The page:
"This legislation starts to unravel the public trust doctrine, which requires that the state manage the waters for all of the citizens in Ohio," said Rick Graham, president of the Izaak Walton League of America, Buckeye All State Chapter. "The sportsmen of Ohio have a fundamental right to challenge a water use if it would impair our ability to enjoy the natural resources held in trust for all of Ohioans."
The legislation approved today also mostly measures water uses over any 90-day average, allowing industrial users, including oil and gas drillers, to withdraw 3 million gallons of water over a few days without a permit.
Deep shale gas drilling is taking place in the Grand River, a high-quality stream with naturally low water levels, which was just labeled as one of the most endangered rivers in America due to hydrological fracturing.
"Ohio anglers are required to be licensed and are only allowed to keep five bass per a day," said Bob Townsend, conservation director at the Ohio B.A.S.S. Federation Nation. "We realize that licenses, permits, and daily catch limits are put in place to protect the fishery for all Ohio citizens. Large water users, therefore, should be required to measure their water use on a per day basis to protect the resources of Lake Erie for all Ohioans, not just large industries."
As a result of recreational and commercial fishing, hunting, wildlife watching, tourism and travel, Lake Erie supplies the state with more than $10 billion in economic revenue each year and 1 out of every 10 jobs in the counties along the coast.
It is the most biologically productive of all the Great Lakes. It produces more fish for human consumption than all the other Great Lakes, combined.
"The Compact is a hard fought compromise between the many who depend on Great Lakes water," said Jared Teutsch, water policy advocate for the Alliance for the Great Lakes. "By choosing to fight old battles all over again, Ohio has left Lake Erie with an uncertain future."
The mission of the Ohio Environmental Council (OEC) is to secure healthy air, land, and water for all who call Ohio home. The OEC is Ohio's leading advocate for fresh air, clean water, and sustainable land use. The OEC has a 40-year history of innovation, pragmatism, and success. Using legislative initiatives, legal action, scientific principles, and statewide partnerships, the OEC secures a healthier environment for Ohio's families and communities.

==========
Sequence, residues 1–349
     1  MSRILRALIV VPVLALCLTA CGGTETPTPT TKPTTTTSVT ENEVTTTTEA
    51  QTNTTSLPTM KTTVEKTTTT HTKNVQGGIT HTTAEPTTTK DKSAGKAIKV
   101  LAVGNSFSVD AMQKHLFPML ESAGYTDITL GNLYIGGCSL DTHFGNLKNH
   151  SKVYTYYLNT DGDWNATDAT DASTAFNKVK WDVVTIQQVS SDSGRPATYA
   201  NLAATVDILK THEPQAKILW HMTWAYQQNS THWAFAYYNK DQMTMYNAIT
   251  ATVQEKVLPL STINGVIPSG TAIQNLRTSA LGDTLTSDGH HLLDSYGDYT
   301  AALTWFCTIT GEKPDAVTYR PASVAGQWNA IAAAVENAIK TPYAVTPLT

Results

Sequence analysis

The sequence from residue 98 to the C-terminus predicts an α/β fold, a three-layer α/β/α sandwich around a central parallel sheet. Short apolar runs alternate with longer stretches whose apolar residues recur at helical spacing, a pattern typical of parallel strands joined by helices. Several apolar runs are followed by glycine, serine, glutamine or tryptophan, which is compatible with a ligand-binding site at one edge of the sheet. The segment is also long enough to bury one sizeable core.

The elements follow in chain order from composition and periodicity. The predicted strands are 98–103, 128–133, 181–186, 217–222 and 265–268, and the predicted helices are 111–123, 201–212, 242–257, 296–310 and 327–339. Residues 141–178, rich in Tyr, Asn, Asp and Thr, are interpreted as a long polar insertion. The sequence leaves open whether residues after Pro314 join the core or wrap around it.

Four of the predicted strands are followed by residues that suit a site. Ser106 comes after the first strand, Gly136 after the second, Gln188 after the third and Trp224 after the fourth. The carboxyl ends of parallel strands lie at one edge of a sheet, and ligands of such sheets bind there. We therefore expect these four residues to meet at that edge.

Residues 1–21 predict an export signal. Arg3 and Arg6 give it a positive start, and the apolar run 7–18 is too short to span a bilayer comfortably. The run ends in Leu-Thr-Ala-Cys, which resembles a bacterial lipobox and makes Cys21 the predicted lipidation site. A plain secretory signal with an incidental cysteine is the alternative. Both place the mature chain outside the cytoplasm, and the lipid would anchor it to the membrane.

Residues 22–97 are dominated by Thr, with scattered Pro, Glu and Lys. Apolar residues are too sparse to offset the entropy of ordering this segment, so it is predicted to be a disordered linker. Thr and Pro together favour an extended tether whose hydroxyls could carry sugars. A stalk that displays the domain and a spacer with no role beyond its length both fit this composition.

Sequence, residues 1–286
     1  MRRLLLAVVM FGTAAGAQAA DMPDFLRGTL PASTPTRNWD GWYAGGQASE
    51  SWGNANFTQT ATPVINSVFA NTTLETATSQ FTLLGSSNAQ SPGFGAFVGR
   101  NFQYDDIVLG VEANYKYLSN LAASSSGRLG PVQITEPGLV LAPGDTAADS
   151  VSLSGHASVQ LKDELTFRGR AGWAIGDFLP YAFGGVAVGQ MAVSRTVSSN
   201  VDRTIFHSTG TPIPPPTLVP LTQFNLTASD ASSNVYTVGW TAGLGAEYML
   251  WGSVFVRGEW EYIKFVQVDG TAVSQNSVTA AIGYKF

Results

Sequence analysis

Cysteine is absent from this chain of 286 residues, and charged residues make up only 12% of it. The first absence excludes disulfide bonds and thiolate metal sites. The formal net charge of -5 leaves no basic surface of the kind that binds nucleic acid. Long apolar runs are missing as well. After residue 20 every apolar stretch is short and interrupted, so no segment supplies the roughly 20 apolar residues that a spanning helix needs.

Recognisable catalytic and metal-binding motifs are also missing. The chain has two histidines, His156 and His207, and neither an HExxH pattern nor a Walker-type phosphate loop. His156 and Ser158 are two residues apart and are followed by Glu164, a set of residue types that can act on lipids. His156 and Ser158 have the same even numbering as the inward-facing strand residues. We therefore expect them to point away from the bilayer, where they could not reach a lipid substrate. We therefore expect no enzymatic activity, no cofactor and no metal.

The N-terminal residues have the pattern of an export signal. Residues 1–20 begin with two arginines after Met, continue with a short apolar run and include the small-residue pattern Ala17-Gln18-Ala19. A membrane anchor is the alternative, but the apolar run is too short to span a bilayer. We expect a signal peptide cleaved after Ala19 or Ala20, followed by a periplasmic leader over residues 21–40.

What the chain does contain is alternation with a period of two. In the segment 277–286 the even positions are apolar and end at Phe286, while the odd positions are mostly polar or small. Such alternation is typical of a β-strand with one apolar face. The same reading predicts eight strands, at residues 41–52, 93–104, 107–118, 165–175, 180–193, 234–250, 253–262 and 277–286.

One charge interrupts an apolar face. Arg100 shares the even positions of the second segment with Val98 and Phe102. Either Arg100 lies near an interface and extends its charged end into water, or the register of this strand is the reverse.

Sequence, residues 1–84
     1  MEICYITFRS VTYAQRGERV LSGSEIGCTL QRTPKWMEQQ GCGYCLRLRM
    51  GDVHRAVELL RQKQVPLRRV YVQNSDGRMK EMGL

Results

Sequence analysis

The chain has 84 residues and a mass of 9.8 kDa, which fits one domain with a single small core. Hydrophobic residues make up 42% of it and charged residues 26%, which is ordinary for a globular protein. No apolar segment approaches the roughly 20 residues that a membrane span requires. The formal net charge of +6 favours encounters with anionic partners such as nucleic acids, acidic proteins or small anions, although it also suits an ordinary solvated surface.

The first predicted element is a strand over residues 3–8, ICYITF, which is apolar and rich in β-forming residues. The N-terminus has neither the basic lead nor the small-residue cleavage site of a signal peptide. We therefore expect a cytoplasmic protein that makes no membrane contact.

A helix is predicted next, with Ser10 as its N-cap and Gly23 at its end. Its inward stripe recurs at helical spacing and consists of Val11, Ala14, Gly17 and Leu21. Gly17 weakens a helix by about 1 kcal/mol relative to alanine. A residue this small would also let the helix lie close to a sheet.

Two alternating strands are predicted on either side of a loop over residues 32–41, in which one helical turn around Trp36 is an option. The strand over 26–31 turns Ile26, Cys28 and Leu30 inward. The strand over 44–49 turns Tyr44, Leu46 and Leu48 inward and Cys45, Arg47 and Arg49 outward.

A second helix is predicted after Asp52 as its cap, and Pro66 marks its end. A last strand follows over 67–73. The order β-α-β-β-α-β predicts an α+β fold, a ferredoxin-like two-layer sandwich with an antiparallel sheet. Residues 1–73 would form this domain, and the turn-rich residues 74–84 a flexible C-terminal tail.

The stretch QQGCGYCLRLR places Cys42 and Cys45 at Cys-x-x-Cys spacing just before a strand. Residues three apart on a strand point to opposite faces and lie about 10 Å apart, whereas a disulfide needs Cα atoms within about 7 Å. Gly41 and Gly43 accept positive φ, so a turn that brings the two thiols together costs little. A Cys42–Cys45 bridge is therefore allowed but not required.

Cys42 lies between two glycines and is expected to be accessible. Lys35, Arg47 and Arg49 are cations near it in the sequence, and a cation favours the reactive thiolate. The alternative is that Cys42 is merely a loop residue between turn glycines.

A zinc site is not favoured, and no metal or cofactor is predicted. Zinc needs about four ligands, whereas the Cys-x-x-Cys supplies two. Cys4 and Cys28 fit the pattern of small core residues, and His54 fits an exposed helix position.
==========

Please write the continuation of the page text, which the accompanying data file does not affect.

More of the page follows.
EcoWatch Daily Newsletter
Oil rigs around the world keep pulling crude oil out of the ground, but the global pandemic has sent shockwaves into the market. The supply is up, but demand has plummeted now that industry has ground to a halt, highways are empty, and airplanes are parked in hangars.
Under an agreement negotiated by community groups — represented by NRDC and the Pennsylvania Utility Law Project — the Pittsburgh Water and Sewer Authority (PWSA) will remove thousands of lead water pipes by 2026 in order to address the chronically high lead levels in the city's drinking water and protect residents' health.
By Dave Cooke
So, they finally went and did it — the Trump administration just finalized a rule to undo requirements on manufacturers to improve fuel economy and reduce greenhouse gas emissions from new passenger cars and trucks. Even with the economy at the brink of a recession, they went forward with a policy they know is bad for consumers — their own analysis shows that American drivers are going to spend hundreds of dollars more in fuel as a result of this stupid policy — but they went ahead and did it anyway.
By Richard Connor
A blood test that screens for more than 50 types of cancer could help doctors treat patients at an earlier stage than previously possible, a new study shows. The method was used to screen for more than 50 types of cancer — including particularly deadly variants such as pancreatic, ovarian, bowel and brain.